Sensitive information is fickle, its sources changeable, its disaggregation erratic. A single book never tells the whole story but offers fragments that can be collected into portraits of the disappeared. Shanghai Courts: 30 Years of Model Cases (上海法院30年经典案例) is three books of more than 350 cases handled from 1978 to 2008; it holds two instances of political crime.
In 1978 Zhang Guanyou (章关友) sent anonymous letters to Shanghai officials because his son had been sentenced to reeducation through labor. Zhang’s letters used “vicious” language, like “the Gang of Four is good,” to “attack the Party and the socialist system.” With the letters as evidence, the Huangpu District People’s Court sentenced Zhang to five years’ imprisonment for “carrying out counterrevolutionary propaganda and creating and spreading rumors.” Zhang appealed, and in its review of the case, the Shanghai Intermediate People’s Court acquitted. It ruled that Zhang did not possess a clear counterrevolutionary motive.
The importance of motive was codified in the 1979 Criminal Law, one year after Zhang’s acquittal, as a means to stem the abuse of counterrevolutionary crime that typified the Gang of Four era. But making motive a criteria for guilt was not enough to stop political persecution. Zhang was one of 668 individuals tried and 36 individuals acquitted for counterrevolution in Shanghai between 1977 and 1990, according to municipal data that return an acquittal rate of 5.4 percent.
Today acquittals are even rarer. Nationwide, individuals tried for endangering state security (ESS), which since 1997 has encompassed many formerly “counterrevolutionary” crimes, had an acquittal rate of 0.3 percent in 2002 and 1.2 percent in 2004, the only years for which national data is available. In those years, about 54 percent of individuals punished for ESS crimes were sentenced to death, death with reprieve, or imprisonment of five years to life. (China’s acquittal rate for criminal cases fell annually to reach 0.1 percent in 2010 from 0.7 percent in 2002. By comparison, the criminal acquittal rate is around 17 percent in the US and less than one percent in Japan.)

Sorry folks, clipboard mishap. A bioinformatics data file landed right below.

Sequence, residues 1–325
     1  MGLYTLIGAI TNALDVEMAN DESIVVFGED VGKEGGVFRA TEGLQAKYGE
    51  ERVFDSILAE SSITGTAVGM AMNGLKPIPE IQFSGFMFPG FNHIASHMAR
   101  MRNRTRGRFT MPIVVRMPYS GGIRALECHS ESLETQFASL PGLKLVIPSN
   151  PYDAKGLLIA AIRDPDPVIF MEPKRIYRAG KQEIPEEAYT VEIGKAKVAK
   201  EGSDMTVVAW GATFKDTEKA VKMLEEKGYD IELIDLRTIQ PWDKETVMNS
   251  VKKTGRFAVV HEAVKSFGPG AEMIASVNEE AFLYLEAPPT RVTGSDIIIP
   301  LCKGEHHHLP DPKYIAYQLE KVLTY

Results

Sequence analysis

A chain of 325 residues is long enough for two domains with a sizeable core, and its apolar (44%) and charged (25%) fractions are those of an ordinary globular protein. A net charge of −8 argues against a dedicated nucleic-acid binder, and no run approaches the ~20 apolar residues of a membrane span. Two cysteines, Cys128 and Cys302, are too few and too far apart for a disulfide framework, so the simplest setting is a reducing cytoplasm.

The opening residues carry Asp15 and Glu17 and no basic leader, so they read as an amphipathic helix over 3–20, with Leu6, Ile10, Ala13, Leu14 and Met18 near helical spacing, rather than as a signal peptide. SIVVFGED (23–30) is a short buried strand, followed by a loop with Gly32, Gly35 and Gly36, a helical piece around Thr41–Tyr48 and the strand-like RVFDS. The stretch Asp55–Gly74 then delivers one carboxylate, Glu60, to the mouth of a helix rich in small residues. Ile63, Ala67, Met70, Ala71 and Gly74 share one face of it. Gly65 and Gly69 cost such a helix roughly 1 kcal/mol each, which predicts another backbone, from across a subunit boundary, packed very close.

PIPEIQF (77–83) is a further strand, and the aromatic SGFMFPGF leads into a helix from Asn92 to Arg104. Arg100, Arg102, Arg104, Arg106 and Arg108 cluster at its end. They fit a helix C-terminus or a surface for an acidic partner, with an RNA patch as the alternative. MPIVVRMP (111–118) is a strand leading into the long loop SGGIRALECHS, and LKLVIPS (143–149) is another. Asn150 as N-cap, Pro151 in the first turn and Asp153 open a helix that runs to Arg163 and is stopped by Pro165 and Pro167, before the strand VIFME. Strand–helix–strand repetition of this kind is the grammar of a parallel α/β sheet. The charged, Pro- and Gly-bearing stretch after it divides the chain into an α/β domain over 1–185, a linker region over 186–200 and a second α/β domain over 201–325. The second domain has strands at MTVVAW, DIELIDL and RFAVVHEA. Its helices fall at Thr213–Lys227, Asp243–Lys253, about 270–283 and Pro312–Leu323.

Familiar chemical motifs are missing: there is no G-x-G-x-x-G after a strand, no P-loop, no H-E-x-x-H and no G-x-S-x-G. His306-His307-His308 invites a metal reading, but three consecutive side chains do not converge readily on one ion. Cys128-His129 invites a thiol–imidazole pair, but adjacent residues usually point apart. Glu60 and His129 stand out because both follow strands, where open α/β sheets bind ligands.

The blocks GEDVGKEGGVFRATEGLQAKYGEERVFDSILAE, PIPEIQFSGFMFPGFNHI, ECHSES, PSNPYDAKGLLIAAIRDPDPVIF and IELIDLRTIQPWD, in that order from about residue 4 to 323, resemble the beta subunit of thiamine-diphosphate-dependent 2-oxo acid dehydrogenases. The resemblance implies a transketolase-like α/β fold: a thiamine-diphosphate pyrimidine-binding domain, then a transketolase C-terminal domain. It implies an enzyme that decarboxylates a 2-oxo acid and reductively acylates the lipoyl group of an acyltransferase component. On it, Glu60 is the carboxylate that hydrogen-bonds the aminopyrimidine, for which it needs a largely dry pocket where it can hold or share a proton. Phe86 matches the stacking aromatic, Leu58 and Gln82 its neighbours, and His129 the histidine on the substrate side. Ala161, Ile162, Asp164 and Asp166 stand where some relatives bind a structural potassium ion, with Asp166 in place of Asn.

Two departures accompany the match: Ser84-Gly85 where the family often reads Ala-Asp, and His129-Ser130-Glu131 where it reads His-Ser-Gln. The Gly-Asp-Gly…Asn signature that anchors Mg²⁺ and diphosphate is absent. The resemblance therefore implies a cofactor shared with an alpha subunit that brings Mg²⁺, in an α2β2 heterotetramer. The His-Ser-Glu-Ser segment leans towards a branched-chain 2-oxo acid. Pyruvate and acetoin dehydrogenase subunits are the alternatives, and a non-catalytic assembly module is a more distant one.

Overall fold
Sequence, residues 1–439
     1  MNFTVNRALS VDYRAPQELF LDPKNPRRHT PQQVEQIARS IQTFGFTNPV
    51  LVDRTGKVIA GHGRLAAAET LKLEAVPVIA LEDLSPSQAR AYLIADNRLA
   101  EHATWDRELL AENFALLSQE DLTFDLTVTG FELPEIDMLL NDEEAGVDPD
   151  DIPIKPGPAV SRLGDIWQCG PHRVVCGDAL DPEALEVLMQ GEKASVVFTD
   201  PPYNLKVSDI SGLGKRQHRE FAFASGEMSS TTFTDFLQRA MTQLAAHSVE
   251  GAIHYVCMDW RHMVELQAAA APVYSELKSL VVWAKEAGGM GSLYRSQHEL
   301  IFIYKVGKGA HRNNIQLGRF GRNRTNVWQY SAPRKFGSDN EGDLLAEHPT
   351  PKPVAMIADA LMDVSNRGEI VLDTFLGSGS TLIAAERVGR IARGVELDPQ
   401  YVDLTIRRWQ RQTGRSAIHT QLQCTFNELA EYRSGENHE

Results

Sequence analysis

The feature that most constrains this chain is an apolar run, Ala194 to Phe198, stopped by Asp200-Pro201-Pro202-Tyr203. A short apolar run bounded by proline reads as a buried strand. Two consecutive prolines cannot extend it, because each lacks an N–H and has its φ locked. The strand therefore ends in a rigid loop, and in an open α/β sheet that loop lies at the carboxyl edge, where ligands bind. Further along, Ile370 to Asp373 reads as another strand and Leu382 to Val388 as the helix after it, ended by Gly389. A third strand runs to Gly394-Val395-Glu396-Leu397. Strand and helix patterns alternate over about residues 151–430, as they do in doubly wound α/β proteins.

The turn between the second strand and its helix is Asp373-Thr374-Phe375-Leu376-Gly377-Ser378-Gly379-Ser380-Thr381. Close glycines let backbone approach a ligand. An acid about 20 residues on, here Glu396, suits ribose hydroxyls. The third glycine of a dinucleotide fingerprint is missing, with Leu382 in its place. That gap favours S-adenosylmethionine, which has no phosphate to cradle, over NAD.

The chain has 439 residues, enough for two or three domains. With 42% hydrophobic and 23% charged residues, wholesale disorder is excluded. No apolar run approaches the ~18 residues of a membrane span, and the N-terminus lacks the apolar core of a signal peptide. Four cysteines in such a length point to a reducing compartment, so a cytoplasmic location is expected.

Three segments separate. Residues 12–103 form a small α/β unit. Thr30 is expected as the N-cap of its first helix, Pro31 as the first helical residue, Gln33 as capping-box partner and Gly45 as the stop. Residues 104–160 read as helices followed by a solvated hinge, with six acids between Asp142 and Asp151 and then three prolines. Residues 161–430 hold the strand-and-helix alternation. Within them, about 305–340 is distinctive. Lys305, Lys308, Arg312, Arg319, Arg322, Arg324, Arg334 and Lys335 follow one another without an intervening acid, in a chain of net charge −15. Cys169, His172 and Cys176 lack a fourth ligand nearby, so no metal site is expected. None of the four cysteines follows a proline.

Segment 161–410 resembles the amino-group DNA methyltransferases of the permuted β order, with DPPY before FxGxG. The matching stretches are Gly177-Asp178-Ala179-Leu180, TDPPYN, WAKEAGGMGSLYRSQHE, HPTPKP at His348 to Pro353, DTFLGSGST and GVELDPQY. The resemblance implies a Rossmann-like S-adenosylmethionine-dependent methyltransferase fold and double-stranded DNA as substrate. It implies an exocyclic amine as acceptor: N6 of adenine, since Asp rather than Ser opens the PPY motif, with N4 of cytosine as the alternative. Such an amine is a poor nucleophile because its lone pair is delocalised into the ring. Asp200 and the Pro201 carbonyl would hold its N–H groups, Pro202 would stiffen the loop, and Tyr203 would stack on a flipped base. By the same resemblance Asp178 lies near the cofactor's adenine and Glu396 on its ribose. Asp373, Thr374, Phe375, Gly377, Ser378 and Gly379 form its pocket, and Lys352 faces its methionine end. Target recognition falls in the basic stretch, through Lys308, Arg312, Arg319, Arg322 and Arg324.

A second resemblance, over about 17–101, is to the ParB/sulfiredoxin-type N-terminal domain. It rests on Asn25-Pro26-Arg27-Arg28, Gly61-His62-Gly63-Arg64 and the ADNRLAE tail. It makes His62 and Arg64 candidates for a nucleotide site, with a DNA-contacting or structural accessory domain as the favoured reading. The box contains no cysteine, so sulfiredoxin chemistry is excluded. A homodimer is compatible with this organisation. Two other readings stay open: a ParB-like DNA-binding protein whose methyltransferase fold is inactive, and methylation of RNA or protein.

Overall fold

Covering 1980 to present, Dui Hua’s political prisoner database only includes one officially confirmed acquittal for counterrevolutionary or ESS prisoners. Guo Yaotang (郭耀唐), a villager in Henan Province, was prosecuted in 1993 for counterrevolutionary propaganda and incitement. He allegedly erected a monument and gathered a crowd to commemorate his grandfather, who was labeled a counterrevolutionary leader in the 1950s. Both the Sanmenxia Intermediate People’s Court and the Henan High People’s Court found Guo not guilty, also on the grounds that he lacked counterrevolutionary motive.
The Long Arm of Counterrevolution
In a widely publicized incident in 1982, five individuals—Sun Yunping (孙云平), Yang Feng (杨锋), Gao Keli (高克力), Xie Zhimin (谢智敏), and Wei Xueli (魏学利)—reportedly hijacked a plane flying from Xi’an to Shanghai. They allegedly caused explosions in the cabin, injured passengers, shouted counterrevolutionary slogans, and threatened to kill communists. While pleading guilty to causing explosions, the defendants denied counterrevolutionary motives. Regardless, the Shanghai Intermediate People’s Court sentenced them to death for counterrevolutionary hijacking, calling their actions part of a premeditated plot to defect to an unidentified enemy, suggested in some sources to be Taiwan. The Shanghai High People’s Court upheld the verdict and after review by the Supreme People’s Court (SPC), all five were executed in August 1982. (One year later the SPC would lose the power of death penalty review for all crimes except counterrevolution.)
The 1979 Criminal Law is a milestone in China’s legal history, but by using motive to define a counterrevolutionary act, it raised problems of subjectivity and standards of proof that eventually made the law a target for reform. In 1997 counterrevolution was removed from the Criminal Law and largely replaced with crimes of endangering state security. But the legacy of political persecution continues.
Fourteen years after counterrevolution was removed from the Criminal Law, more than 60 individuals sentenced for counterrevolutionary crimes are still known or believed to be in jail, according to Dui Hua research. Among them is Jiang Cunde (蒋存德), sentenced to life imprisonment in 1987 and now one of the longest-serving “counterrevolutionaries.” Jiang was found guilty of conspiring to purchase weapons to hijack a plane to Taiwan; he is also known for his labor and human rights activism inspired by Polish independent trade union Solidarity. Official sources say that Jiang was released on medical parole in 1993 but sent back to prison in 1999 for participating in demonstrations. His sentence was commuted to 20 years’ imprisonment in 2004, meaning Jiang is to serve 13 more years for a crime that no longer exists.